Mayor Breed’s early and strong response to COVID-19 has been touted as not only key to curbing her city’s rates of coronavirus cases and deaths, but also influential nationwide. A new profile of Breed from The Atlantic explains, “San Francisco and the broader Bay Area have emerged as a national model for how early and aggressive action can prevent the explosive rise in cases that has overwhelmed hospitals in New York, where leaders were slower to respond.” Under Breed’s leadership, San Francisco became the first major city in the U.S. to activate their emergency operations center in late January, preparing for a possible outbreak. In early March, after just 2 cases were confirmed in the city, the mayor and her team issued “aggressive recommendations” to limit social gatherings and cancel all non-essential events like concerts and sporting events. An official ban on non-essential events of 100 or more people was imposed on March 13, and while the city had fewer than 50 confirmed cases of coronavirus at the time, the mayor imposed a citywide shelter-in-place order starting on March 17. San Francisco became the first major city to shelter in place in response to COVID-19, with the state of California following suit just two days later.
In addition to taking early action, Mayor Breed has been attentive to the distinct needs of the city’s homeless and first responders. The city’s Department of Children, Youth, and their Families is providing emergency child and youth care to San Francisco’s first responders, healthcare workers, and other essential city employees. In response to an outbreak in one of the city’s shelters, Breed has emphasized the city’s continued efforts to prevent spread in sites of congregate living. In her recent interview with The Atlantic, Breed cautioned, “San Franciscans are complying and people have been incredible with following this [shelter-in-place] order. But on another note, there are a lot of folks who are not. And I am not comfortable letting up.”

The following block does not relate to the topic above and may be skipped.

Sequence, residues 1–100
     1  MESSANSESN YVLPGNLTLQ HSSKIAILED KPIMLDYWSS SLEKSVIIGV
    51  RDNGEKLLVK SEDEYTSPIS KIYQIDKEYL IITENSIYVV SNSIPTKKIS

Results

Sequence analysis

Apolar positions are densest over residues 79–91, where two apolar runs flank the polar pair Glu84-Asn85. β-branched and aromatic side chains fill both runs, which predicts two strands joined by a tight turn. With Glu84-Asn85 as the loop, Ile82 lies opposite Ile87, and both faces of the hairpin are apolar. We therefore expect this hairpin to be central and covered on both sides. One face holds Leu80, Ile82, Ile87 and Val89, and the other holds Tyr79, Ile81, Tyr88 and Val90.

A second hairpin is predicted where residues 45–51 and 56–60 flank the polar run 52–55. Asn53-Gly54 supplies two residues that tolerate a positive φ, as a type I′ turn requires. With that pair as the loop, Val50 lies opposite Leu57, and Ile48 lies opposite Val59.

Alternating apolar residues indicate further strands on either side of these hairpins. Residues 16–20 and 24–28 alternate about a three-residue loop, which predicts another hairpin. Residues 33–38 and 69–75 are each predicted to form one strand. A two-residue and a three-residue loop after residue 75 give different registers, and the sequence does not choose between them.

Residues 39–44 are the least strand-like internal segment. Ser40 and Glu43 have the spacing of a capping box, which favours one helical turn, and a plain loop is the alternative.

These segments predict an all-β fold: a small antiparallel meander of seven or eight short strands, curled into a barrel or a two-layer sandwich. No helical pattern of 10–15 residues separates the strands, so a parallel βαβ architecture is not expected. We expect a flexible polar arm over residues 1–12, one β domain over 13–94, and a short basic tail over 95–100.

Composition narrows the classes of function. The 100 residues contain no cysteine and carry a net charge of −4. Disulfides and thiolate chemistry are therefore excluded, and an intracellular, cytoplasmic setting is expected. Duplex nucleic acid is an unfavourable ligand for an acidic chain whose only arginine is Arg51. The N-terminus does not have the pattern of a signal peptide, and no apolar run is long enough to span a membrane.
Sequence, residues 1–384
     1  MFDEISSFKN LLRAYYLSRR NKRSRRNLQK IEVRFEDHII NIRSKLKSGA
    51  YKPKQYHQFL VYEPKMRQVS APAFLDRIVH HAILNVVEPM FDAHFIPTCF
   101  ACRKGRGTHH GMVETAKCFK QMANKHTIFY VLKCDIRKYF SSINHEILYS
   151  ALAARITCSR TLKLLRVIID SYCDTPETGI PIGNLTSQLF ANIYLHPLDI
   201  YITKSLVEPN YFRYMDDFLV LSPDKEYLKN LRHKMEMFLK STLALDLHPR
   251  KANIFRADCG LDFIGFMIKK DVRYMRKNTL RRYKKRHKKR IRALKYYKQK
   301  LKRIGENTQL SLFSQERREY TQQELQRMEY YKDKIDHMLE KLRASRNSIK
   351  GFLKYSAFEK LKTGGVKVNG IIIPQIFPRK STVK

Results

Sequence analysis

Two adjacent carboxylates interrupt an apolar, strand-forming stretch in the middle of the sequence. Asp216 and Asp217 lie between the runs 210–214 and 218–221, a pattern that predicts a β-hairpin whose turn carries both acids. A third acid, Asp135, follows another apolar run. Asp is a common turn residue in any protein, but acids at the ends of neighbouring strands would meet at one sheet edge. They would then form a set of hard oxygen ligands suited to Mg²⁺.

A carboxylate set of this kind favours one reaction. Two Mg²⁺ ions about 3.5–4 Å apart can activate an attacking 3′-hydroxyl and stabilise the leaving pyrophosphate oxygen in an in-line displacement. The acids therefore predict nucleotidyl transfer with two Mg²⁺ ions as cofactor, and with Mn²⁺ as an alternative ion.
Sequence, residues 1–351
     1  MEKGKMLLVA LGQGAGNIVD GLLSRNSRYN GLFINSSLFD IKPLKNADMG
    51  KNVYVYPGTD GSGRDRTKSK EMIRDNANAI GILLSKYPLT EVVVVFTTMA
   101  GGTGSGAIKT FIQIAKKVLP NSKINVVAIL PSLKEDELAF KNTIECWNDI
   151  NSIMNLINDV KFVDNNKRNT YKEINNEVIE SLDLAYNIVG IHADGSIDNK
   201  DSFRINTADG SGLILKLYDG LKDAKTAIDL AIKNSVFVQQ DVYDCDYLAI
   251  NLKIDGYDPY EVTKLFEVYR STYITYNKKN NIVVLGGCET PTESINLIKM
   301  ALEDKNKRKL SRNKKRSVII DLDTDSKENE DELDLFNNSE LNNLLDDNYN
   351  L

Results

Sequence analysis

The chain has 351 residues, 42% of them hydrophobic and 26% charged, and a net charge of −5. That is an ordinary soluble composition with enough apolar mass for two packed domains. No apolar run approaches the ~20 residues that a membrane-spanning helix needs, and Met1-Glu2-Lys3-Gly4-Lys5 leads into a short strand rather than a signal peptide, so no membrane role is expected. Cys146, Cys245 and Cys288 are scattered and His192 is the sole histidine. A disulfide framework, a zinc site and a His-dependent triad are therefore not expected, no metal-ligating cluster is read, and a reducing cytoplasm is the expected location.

Chicago, IL: Mayor Lori Lightfoot
Mayor Lori Lightfoot was elected mayor of Chicago in May 2019, becoming the city’s first Black woman and first openly gay mayor. Prior to becoming mayor, Lightfoot served in various roles in city government, was Assistant U.S. Attorney in the Northern District of Illinois criminal division, and most recently was a partner in private practice at Mayer Brown LLP.
With the Chicago Department of Health and the Office of Emergency and Management and Communications (OEMC), Mayor Lightfoot began managing Chicago’s response to coronavirus at the beginning of March, coordinating the city’s COVID-19 Taskforce. In late March, both Surgeon General Jerome Adams and Dr. Deborah Birx, Coronavirus Response Coordinator for the White House Coronavirus Task Force, added Chicago among the hot spots for coronavirus in the U.S. Their announcements came about a week after Mayor Lightfoot joined Governor JB Pritzker in issuing a stay at home order for entire state of Illinois, including Chicago. At the same time, Lightfoot announced a small business relief fund and additional resources that would go to Chicago Public Schools (CPS) and the Greater Chicago Food Depository. She also announced a partnership with Sittercity to help match essential workers with child care.
By early April, Chicago joined a small number of municipalities in beginning to report COVID-19 testing, infection, and outcome data by race. Communities of color are being hit the hardest by the virus. Data reported from New York City last week showed the Latinx community suffering most, with Black New Yorkers also over-represented in coronavirus-related deaths. In Chicago as of last Saturday, Black residents accounted for 70% of deaths while only making up 29% of the city’s population. In response, Mayor Lightfoot has announced that Chicago will form a Racial Equity Rapid Response Team to confront and mitigate the racialized outcomes present in the COVID-19 crisis. She explained, “This is a call-to-action moment for all of us. When we talk about equity and inclusion, they are not just nice notions. They are an imperative that we must embrace as a city. And we see this even more urgently when we look at these numbers.”